One of the most common questions that my clients ask is how they can successfully start a speech and ‘what to say’.
Every presentation needs to be started to rapidly catch the attention of your audience and make them interested in listening.
Here are some recommendations on how to successfully start a speech.
Ask a Question
Have you noticed how you will always answer any question you're asked?
Even if you just answer its silently?
This is the power of a question!
Ask a Rhetorical Question
There is one significant advantage of asking a rhetorical question when you're nervous.
You don’t need to worry about whether anyone answers the question.
It's rhetorical after all!
Statistics that Surprise
We can often think of statistics as dull and boring rows of figures on a slide or spreadsheet.
Seek out a short statistic which will surprise and interest your listeners, grabbing their attention.
Here's an example of one statistic which surprised me:
1 in 6 women would rather be blind than fat
Starting your speech with a command is one way that's proved to get everyone's attention.
This type of start will be unexpected and entirely different from all the other speakers.
2 examples of the type of commands you could use: -
Raise Your Hand
I regularly see speakers ask attendees to raise their hand when starting a speech.
A well-phrased question can work well here as a way to get people interested and involved.
In addition to being used as part of the opening, asking for a show of hands can be included in any part of a presentation.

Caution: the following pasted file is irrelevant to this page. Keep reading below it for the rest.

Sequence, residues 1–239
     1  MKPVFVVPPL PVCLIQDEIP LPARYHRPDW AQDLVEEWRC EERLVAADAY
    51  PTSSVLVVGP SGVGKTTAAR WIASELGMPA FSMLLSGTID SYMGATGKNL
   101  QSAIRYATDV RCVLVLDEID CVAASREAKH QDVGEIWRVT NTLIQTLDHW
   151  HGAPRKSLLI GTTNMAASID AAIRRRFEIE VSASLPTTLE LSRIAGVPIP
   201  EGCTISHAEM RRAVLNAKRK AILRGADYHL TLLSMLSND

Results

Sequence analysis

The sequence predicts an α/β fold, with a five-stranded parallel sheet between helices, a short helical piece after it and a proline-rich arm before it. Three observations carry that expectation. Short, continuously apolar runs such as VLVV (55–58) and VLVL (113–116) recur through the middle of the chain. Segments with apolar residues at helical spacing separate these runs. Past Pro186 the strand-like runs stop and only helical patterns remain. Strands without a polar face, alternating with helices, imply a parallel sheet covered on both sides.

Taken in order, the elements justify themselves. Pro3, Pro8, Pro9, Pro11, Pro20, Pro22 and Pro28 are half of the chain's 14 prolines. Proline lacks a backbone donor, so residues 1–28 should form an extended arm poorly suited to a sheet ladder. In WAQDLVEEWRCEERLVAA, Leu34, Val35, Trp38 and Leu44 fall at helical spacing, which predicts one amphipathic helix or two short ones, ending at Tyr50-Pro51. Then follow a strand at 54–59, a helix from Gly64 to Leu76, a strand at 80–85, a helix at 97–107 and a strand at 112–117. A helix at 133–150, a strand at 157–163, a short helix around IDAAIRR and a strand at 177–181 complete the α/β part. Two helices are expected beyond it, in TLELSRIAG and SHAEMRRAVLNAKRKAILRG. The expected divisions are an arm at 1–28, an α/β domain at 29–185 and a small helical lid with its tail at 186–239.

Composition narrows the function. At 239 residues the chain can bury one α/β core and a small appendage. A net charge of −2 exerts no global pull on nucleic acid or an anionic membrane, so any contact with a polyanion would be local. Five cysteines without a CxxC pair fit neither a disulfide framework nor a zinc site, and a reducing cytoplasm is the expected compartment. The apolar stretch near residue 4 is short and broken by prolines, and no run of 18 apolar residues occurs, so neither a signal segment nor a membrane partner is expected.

We may not realise this, but even as adults, we all still love listening to stories.
The stories we share can be personal experiences or those of our colleagues, celebrities or maybe, if appropriate, the CEO.
These are the kind of stories that add interest and impact.
Stories about people the attendees know will create interest and a stronger connection than talking about concepts, theories, gadgets or gizmos.
Take the time to find quotes those attending the meeting are unlikely to recognise.
The quotes you select can come from many diverse sources.
Try to be different and look closer to home for examples from your parents, siblings, neighbours, in fact, anyone!
An appropriate unknown quote will create more impact on those attending the meeting than one they know.
When creating the opening for your speech, using one of these 7 proven methods will ensure you will successfully start a speech, helping to ensure your success!
About the Author
Andy O'Sullivan is an international bestselling author of 5 books on public speaking, pitching and presenting. Andy is a speaker and educator on the subject of how to survive and thrive in the business world with effective public speaking, pitching and presentation skills.
To lose your public speaking fears and discover time-tested tips to your presentation success, simply book your free session with Andy HERE